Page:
19 March 2012
My last visit to The Westovians, was the Snow White panto in January. Much hilarity, jolly japes and custard pie throwing, a great night, but was really looking forward to getting back on track with some gritty acting from the South Shields crew. Nightmare tells the rolling story of deceit, suspicion and blackmail all woven together in a giant spider web of a tale.
The tale centres around Marion Bishop (Val Dawson) an elderly romantic novel writer, who is living out her last days, who would have thought that her final few weeks would have made a great crime novel. Her only living relation Raymond (Dean Jukes) her nephew is a bit of a cad, and is seeking a windfall from her, monies owed from a trust fund.
The kindly doctor Thorne (David Cooke), takes a lot of interest in the well-being of his patient, maybe he has more of a vested interest than one would like, especially with the introduction of Laura (Corinne Kilvington) an experienced nurse from London, who doesn't quite seem to fit the bill.
Katherine (Jessica Ingoe), a cheery soul, is always on hand to lend moral and supportive care, with a brother Michael (Andrew Dawson) with learning difficulties, she has had first hand practice of looking after and tending to the needy.
Doris, the local gossip and grocery fetcher is also on hand to bring a wry smile to the lips of those who will listen, or be surprised by her tittle tattle.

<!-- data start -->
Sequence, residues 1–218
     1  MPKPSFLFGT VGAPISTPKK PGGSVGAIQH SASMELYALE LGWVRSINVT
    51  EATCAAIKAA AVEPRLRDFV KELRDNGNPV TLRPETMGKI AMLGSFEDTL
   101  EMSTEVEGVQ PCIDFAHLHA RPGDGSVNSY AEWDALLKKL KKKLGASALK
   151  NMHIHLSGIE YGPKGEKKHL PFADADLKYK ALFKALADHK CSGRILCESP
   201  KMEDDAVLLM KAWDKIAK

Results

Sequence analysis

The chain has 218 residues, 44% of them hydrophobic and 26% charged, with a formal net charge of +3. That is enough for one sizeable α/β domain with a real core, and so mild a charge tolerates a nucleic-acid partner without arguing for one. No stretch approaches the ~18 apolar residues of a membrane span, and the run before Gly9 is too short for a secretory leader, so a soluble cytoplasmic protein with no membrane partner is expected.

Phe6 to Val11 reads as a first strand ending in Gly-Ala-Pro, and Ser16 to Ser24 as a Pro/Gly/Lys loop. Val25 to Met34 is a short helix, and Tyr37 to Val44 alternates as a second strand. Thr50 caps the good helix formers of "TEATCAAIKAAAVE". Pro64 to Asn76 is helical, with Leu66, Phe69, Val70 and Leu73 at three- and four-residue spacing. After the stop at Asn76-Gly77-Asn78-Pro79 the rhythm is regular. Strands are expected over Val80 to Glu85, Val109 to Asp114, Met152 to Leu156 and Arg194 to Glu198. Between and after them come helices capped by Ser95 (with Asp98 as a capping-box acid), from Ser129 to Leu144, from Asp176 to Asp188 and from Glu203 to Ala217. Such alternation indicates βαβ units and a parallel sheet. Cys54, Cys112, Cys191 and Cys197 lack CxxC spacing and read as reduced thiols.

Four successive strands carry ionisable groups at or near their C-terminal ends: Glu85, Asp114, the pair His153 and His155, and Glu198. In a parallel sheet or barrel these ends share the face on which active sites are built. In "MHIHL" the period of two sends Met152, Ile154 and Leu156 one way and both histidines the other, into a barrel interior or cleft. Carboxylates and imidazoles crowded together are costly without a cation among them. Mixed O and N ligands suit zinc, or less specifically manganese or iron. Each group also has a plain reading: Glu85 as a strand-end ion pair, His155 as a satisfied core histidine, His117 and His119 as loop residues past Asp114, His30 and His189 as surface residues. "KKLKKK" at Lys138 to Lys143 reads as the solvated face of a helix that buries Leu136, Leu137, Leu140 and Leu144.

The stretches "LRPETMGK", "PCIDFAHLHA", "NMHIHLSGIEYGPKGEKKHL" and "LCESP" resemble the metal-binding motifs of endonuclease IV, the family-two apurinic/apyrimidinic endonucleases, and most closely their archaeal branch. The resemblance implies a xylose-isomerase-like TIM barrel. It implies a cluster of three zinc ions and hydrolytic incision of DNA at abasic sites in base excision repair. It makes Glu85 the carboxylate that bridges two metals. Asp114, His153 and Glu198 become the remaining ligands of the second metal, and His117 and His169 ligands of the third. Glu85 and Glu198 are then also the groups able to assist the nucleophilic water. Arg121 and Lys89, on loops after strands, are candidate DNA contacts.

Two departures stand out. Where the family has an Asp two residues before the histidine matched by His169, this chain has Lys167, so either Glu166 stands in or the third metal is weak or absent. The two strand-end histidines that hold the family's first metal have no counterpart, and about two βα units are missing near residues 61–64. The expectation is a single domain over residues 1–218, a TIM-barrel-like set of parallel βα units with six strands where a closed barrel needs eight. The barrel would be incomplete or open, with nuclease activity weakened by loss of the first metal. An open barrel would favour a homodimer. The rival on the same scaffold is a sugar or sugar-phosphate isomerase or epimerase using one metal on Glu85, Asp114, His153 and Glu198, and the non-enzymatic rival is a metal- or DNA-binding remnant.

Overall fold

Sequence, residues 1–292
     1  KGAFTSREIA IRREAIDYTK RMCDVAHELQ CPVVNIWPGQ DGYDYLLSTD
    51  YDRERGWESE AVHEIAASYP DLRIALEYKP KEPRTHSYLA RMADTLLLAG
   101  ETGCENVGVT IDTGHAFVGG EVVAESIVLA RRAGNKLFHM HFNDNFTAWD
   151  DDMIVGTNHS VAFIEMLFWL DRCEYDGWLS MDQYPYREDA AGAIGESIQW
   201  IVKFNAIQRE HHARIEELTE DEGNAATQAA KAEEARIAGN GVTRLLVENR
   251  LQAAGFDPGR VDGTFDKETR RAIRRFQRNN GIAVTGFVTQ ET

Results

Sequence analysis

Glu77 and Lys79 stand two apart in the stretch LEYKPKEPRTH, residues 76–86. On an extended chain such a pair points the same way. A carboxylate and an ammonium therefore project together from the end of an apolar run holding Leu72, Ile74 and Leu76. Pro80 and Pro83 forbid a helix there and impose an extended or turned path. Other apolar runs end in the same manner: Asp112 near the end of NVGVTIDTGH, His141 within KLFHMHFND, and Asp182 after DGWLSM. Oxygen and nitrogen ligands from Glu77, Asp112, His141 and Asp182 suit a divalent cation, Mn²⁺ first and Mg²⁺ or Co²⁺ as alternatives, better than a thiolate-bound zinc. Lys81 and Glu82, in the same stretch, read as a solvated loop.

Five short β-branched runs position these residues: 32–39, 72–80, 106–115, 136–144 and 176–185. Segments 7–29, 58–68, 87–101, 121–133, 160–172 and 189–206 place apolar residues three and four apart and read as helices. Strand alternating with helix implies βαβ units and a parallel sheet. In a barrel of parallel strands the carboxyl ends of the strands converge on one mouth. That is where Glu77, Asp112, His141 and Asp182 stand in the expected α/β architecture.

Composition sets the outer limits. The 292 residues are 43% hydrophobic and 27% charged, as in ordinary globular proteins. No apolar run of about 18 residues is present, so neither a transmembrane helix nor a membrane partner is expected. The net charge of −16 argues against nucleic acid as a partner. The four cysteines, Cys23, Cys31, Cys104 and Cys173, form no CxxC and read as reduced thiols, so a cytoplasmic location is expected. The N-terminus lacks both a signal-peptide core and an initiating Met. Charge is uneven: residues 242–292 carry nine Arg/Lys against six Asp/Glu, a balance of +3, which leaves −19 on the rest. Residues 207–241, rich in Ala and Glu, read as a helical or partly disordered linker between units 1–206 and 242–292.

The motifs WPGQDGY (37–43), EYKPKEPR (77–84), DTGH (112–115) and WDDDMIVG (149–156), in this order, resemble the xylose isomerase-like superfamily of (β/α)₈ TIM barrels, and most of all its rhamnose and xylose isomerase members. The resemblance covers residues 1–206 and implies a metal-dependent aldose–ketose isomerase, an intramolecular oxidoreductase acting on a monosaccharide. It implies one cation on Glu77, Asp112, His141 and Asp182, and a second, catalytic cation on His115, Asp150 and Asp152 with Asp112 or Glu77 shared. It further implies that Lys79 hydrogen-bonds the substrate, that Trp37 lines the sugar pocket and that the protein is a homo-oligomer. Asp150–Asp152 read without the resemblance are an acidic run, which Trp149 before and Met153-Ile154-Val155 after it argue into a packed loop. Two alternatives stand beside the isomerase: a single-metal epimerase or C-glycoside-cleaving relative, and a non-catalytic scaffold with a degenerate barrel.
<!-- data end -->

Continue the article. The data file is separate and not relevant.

The play was great with everything you would expect in a thriller, with twists,turns and thinking back to various parts in the play, to say 'ahhh' yes, that did happen. I often wonder how such things get written, how many times does the writer trip himself up, or forgetting scenarios.
This was put together very well, with a great cast, the majority I have seen before, but a few new on me.
The acting was of the usual standard of The Westovians, with the interactions between Cooke and Dawson (doctor and patient), Jukes and Kilvington being the mainstay of the night.
I did hear a couple of prompts, but I put that down to first night tingles, over anything less professional.
I have never seen so many of the audience jump with the introduction of weather sounds. The claps of thunder so loud that my heart was still beating furiously a few minutes later. Michael, Andrew Dawson's character, also contributed to the jumpiness of the crowd, bursting into the great setting of the living-room after being hurt.
All together a well acted, well put together show, great directing by Peter Dawson, produced by Carol Cooke and great sound and light by Miriam Beber and Adam Ross.
Nightmare is a fairly serious play that deals with the complexities of greed and mistrust, but some good snippets of humour crept in, that kept me and the crowd well entertained.
If your pacemaker can withstand the thunder, then get yourself along.
Nightmare runs until Saturday 24 March